So, finally, after several planning attempts to get a workable means of getting a master bed out of two benches in the far aft of the bus, I did it. While I set up detailed plans for the back benches in a couple of previous posts (Parts One and Two), I ended up making some variations based on our assessments of our stays in the bus over this last summer.
While I had planned to have pallet sections span between the two benches before, I had designed for only two pallet sections of ~29″ width each to be the ‘back’ of the bench. What we decided to do was to make the span into three sections of 19 1/2″ width, to be stowed under just one of the benches. While this loses a little more storage area overall, the sections are much easier to unstow, and there’s more accessibility to the storage area.
So, I started with a simple frame made of 2x3s and 1 3/8 x 1 3/8″ and 1 3/8 x 5″ oak that I planed down. This gave a stable, and in places, visually appealing structure for the bench. Along the outside wall of the bus, I ran another 2×3 which I screwed into the structural ribs of the bus body for the wider planks to rest on. In working on the counter in the galley area, I found that the pocket screws were a pain to put into the ribs.
On the port side, however, I put the storage for the pallets, so instead of a large open box, I ended up with a box-within-a-box sort of system. This still left some shallow storage space above the pallet area and a deeper section all the way to the back.
One of my reasons for designing the original set-up for having the wider pallets being the bench backs was that they wouldn’t be able to slide around, as the back of the bus gets the brunt of bounces and tail-swing forces. In storing the pallets under the bench-seat, though, I designed the storage area to have angled supports, only dipping down about 3/4″ over 21″ of width. I’ll have to decide after a few drives if I’ll need extra stops to keep the pallets from sliding out.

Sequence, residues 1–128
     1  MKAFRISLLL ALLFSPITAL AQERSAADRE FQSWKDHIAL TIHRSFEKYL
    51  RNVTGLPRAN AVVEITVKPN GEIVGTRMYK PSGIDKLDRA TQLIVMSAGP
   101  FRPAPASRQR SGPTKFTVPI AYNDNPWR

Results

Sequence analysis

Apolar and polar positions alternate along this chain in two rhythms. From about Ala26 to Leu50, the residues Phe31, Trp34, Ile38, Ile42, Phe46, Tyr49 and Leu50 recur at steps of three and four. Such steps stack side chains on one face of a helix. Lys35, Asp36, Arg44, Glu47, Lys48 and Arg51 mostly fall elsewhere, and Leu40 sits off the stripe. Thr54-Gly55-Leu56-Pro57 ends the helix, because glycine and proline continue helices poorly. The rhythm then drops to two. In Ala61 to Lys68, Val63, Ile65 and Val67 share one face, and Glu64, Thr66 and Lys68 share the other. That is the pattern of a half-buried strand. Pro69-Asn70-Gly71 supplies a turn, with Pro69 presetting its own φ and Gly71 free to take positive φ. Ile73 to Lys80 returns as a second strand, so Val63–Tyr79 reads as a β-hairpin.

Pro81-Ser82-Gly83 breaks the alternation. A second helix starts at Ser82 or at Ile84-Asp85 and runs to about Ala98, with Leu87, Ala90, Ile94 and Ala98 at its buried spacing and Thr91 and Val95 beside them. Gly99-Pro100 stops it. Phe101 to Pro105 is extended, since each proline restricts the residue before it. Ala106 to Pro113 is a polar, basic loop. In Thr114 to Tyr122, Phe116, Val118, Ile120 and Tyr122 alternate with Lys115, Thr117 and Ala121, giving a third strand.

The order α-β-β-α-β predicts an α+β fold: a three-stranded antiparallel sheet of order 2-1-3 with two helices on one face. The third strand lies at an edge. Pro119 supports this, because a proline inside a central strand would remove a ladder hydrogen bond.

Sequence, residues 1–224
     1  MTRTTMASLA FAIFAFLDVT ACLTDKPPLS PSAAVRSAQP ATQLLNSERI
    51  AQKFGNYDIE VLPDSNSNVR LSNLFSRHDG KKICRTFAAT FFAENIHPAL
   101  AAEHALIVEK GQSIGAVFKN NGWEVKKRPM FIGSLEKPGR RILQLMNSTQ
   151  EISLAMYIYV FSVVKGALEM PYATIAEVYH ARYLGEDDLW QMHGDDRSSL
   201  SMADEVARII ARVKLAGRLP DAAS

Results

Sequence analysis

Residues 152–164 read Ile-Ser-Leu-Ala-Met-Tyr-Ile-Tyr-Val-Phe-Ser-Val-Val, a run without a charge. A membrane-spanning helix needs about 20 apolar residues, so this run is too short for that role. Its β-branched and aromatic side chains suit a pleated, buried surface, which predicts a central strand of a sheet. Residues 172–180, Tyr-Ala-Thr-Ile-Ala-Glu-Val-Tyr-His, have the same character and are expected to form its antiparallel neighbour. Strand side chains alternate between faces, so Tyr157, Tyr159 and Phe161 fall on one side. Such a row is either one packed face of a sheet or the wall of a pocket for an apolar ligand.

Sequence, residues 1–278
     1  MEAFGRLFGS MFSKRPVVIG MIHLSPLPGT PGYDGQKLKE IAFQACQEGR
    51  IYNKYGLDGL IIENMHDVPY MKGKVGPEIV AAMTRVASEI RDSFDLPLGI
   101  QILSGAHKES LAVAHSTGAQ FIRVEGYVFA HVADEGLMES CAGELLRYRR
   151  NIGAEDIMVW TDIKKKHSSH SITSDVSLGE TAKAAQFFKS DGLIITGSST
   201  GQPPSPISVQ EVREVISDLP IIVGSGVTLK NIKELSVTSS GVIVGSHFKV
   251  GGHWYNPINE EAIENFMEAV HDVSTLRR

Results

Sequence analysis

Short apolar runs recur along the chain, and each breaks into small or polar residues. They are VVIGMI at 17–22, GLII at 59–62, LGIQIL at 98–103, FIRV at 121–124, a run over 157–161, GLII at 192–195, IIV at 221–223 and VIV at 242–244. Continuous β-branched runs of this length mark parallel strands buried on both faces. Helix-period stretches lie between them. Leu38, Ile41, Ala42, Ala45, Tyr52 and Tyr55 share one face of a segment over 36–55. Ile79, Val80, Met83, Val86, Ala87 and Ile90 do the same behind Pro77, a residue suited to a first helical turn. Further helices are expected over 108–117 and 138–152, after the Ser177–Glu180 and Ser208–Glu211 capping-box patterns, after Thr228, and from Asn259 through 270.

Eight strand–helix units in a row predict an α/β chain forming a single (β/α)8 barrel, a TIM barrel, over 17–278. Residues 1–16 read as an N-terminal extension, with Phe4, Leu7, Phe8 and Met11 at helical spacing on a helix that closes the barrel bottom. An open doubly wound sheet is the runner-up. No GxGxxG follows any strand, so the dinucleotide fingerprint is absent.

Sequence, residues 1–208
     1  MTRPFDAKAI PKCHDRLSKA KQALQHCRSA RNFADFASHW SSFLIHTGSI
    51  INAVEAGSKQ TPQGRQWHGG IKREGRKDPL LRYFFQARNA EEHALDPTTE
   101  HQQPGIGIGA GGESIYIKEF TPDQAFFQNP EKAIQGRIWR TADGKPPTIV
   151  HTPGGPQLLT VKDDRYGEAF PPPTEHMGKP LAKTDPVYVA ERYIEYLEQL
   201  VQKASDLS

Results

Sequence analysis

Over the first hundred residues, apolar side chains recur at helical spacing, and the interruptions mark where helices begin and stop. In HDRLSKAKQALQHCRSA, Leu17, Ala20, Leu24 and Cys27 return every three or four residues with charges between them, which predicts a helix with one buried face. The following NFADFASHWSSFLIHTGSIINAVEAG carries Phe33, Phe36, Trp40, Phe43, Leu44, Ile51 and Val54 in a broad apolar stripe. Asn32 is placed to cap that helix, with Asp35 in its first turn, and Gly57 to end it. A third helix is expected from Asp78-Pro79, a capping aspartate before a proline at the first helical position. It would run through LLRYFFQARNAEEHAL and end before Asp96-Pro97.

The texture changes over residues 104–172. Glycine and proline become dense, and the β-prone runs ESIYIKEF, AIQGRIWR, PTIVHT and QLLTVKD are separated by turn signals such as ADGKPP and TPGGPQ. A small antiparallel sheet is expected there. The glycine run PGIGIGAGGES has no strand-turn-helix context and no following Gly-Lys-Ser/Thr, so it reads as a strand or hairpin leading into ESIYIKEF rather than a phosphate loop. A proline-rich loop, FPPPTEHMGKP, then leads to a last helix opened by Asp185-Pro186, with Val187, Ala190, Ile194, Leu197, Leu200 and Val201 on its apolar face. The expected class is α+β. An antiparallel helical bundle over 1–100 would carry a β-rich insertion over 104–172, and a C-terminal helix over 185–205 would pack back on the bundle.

With the bench frames in place, I needed to build the outer shell of the benches, still using the flat panel wainscoting that I used elsewhere in the bus. For this, I pulled out a set of rail & stile router bits and my Kreg pocket jig, which together make some really nice, secure wainscoting.
There were three pieces of panel to make up, as the fore part of the starboard bench opens into open space, it needed a section that the port bench (coming up to the bunk wall) didn’t.
Assembly was easy, just drilling for the pocket screws, evening up ends, and measuring for spacing of stiles. Once these were set, I cut 1/4″ oak plywood for the panels, and set those in place with a single brass wood screw. I don’t like to use glue for these, as the wood tends to expand and contract with heat and humidity, and I wanted to give it that flexibility. On the other hand, I don’t want the panels (very literally) rattling around while the bus is rolling.
The last detail to work out was in the long top rails, so that the 1 3/8 x 1 3/8″ supports on the edges of the pallets would rest securely in place. This is one of the places where having the oak frame was important, as it would be visible behind the notches. But it all worked out nicely.
The port panel was more tricky, and involved some chisel-work to get the rail above the pallet storage to sit nicely and give a robust, non-routed opening for the pallets. The bench tops were made of 3/4″ oak plywood for the hinged bench top, faced with a 1″ strip of oak as an edging, then the rest was oak boards that lapped over the supports.
With the pallets in place, it makes a 58 1/2″ x 92″ bed-space. One of the nice things about it is that the space under the bed is still accessible, either by reaching underneath from the front, opening the rear door, or opening up the bench tops. I’m planning on getting some nice recessed handles that will make opening the lids easier.
But the modular design of the pallets makes them interchangable in all the notches, and allows for a U-shaped bench in the ‘observation area’ of the back of the bus.
So this new design fits better with our uses of the back area of the back, and makes it really versatile, as we could have the center pallet in as a table, and have several folks around it.